As explained in an answer above, my celiac diagnosis was first based on symptoms and later this year it was finally found in biopsy that I have villous damage. Whether this damage indicates celiac or something else - I am as sure as my doctor is. That's why looking for some external help.

No, not many docs here in India know about Celiac, not even about gluten (have faced it with my General Physicians - when asked for gluten-free medications only). The fact that it took more than 4 years for a doc to come up with Celiac diagnosis proves this.

Thanks for sharing the link. I am excited that finally celiac is coming mainstream and there is a symposium planned in India.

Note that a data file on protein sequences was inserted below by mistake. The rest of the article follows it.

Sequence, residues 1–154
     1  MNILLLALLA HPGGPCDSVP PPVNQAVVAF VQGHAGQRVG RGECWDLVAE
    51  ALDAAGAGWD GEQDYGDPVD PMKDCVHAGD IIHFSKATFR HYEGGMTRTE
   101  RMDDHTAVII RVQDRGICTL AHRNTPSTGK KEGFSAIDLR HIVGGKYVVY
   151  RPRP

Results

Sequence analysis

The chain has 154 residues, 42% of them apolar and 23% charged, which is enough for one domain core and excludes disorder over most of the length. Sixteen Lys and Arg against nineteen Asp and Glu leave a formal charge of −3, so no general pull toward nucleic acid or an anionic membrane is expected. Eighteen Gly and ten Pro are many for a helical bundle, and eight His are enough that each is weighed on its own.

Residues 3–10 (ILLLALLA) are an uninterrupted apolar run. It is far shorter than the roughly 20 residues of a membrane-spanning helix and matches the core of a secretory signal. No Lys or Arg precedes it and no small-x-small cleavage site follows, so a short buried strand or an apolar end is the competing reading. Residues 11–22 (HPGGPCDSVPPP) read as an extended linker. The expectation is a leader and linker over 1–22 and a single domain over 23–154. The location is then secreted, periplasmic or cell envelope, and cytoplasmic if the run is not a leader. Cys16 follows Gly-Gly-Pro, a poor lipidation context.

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Before I settled for a refractory celiac disease diagnosis, I would insist on a complete celiac blood panel.  Like I mentioned before, I tested positive to only the DGP IGA test.  Make sure (100%) that you do not have celiac antibodies.  If the complete panel is negative, you might assume that you are either diet compliant and/or something else (e.g. Food intolerance, parasite, etc -- see previous link to University of Chicago) is causing your symptoms. 

I would also note that if you strongly suspect celiac disease, look to grains (any) for cross contamination as many that are naturally gluten free often contain enough gluten to trigger a celiac flare-up.  Read this:

https://www.glutenfreewatchdog.org/news/naturally-gluten-free-grains-and-gluten-contamination/

Make sure your grains are certified gluten free (I am not sure what is available or how well tested they are in India).  I would encourage only a diet of meats, fish, veggies and some fruit for a few weeks.  No seasonings.  

I hope this helps.